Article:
Recession bites but few feel the pinch: For most Germans life goes on as normal, reports Steve Crawshaw from Cologne
Sunday 07 February 1993
Relatively speaking, at least. Not a day goes by without another analysis of the country's plight. More soul-searching followed a sharp monthly rise in unemployment announced on Friday - from 6.6 to 7.4 per cent in the western half of the country. But visit a place such as Cologne - population 900,000, Germany's third biggest city, not especially rich nor especially poor - and the 'crisis' seems mild, at least compared with what Britain has endured.
The winter sales have just ended and the streets have been particularly busy. But sales here are occasional affairs: Cologne does not have the desperate sales-for- every-season that have become a feature of the British high street.
Few retailers admit to feeling any strain. Boutiques and department stores say they are doing good business. The manager of one of the main jewellery shops says that spending has not decreased: the only difference is that people are buying 'in a more targeted way - they know what they want, they think about it'.
Dieter Neumann, a BMW dealer in the city, said that business was down on last year. 'But the last two years have been a huge boom, because of the Anschluss (annexation) of the new federal regions, in the east. So we can't compare with that. We can say that it's at least as good as in earlier years. Clients are cautious, but it would be much too dramatic to talk of a crisis.'
Outside the old cathedral there was a beggar (a Romanian woman with her baby); inside the nearby railway station, the largest junction in Germany, several men, young and old, were sleeping rough. Depressing, certainly - except when compared to the streets of London at any time in the past few years .
Turks have long been Germany's poor. There are few of them in the bustling shops on Hohe Strasse, the main shopping street. Travel out to a satellite suburb such as Cologne-Chorweiler, however, and you will find the Turks among tower blocks that are indistinguishable from their sisters across Europe. Chorweiler is one of the most neglected areas of Cologne. But compared to Hulme, in Manchester, or parts of Hackney, in east London, there are none of the boarded-up shops that are a standard feature of Britain's inner-city landscape, and the range of stores and cafes would not look out of place on a Surrey high street.
But of a group of five Turks, sitting chatting on a bench outside the shopping centre, four are unemployed and have almost given up hope. All nod in agreement when Ali, who used to work in a dairy, says: 'There's less and less work. And it's always the Turks who lose their jobs.'
To combat the economic problems that have arisen since reunification with the east, the government has proposed a 'solidarity pact', which seeks the support of the parliamentary opposition and the unions for spending cuts, in order to help build up the east. Those proposals have run into enormous difficulties - not least because Chancellor Helmut Kohl, in 1990, told fairytales about how unity would be painless for all. People resent those broken promises, as much as they resent the payments themselves.
Now, many in the west feel that the feared spending cuts represent a step into the economic abyss: affluent Germany has not needed to cut back before. But, although most Bonn politicians do not wish to admit it, the greatest pain will continue to be felt in the east, not in the still-comfortable west.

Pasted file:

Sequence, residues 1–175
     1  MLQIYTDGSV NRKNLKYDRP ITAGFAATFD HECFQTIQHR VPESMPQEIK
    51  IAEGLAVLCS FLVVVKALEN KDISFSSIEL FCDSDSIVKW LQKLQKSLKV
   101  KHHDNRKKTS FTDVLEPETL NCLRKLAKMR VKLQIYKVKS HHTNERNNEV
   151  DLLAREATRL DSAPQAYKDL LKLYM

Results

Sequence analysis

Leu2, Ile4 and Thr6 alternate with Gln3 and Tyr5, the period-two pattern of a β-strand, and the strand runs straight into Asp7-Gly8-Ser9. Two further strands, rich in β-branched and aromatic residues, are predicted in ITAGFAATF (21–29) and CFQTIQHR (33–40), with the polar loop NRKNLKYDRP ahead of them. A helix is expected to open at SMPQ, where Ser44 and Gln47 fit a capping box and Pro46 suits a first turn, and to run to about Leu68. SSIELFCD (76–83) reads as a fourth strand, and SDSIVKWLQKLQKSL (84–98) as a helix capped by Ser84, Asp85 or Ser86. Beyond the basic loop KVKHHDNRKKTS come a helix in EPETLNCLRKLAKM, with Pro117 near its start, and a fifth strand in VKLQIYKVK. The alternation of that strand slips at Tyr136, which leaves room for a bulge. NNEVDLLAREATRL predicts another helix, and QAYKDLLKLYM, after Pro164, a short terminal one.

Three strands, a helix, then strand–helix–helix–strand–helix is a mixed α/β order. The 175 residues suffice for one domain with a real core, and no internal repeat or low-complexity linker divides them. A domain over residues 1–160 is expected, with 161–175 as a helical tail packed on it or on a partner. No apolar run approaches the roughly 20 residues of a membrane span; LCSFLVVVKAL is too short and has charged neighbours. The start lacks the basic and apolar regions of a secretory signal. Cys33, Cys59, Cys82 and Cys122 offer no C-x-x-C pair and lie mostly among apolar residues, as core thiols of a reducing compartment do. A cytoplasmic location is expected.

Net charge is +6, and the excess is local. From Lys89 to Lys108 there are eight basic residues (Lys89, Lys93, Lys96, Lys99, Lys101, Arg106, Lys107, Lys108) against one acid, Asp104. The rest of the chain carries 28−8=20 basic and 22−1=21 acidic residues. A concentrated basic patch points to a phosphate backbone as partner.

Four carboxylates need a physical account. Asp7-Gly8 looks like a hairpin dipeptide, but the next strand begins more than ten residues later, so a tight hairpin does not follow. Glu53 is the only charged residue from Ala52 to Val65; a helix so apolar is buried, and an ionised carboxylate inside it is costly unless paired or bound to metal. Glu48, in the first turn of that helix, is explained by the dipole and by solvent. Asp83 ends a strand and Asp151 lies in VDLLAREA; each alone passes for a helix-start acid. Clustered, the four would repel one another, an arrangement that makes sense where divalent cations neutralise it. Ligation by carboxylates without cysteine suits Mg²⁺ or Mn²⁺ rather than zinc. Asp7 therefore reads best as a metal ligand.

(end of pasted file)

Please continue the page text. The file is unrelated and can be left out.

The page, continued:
As recent opinion polls have made clear, west Germans have had enough of digging into their pockets - as they see it - for their poorer brothers. In the words of one Cologner: 'Why should we pay for what they (the east) failed with? If you ask me, we should have made the wall a few bricks higher.'
Despite the real hostility in the west, the burning issue is not, perhaps, the western lament of 'farewell, prosperity' but rather the question that could be asked in eastern Germany: 'Prosperity, will we ever see you?'
- 1 King Salman: Just five days in, Saudi Arabia's new king has already overseen a beheading
- 2 The BBC has just done more to eradicate ‘terrorism’ than all our wars since 9/11
- 3 Saudi preacher who 'raped and tortured' his five -year-old daughter to death is released after paying 'blood money'
- 4 Presidential optical illusion offers clues to how brain processes faces
- 5 Grumpy Roald Dahl letter warning student to 'eschew beastly adjectives' rediscovered after 35 years
King Salman: Just five days in, Saudi Arabia's new king has already overseen a beheading
Saudi preacher who 'raped and tortured' his five -year-old daughter to death is released after paying 'blood money'
Auschwitz liberation 70th anniversary: Woman sent to three Nazi death camps describes surviving gas chamber
Presidential optical illusion offers clues to how brain processes faces
Chilling drone footage captures Auschwitz ahead of 70th anniversary of liberation
'We would evict Queen from Buckingham Palace and allocate her council house,' say Greens
French court convicts three over homophobic tweets, in case hailed as a 'significant victory' by LGBT rights campaigners
Greece elections: Syriza and EU on collision course after election win for left-wing party
British Muslim school children suffering a backlash of abuse following Paris attacks
British grandmother Lindsay Sandiford faces execution by firing squad in Indonesia
Liberal Democrat minister defends comments suggesting immigration causes pub closures
£35000 - £40000 per annum: Ashdown Group: Management Accountant (ACCA / CIMA, ...
£11 - £12 per hour: Recruitment Genius: A 10 year old girl who has profound an...
£30000 - £35000 per annum + 20 days holidays & pension: Ashdown Group: Marketi...
£35000 - £45000 per annum: Recruitment Genius: A Business Development Manager ...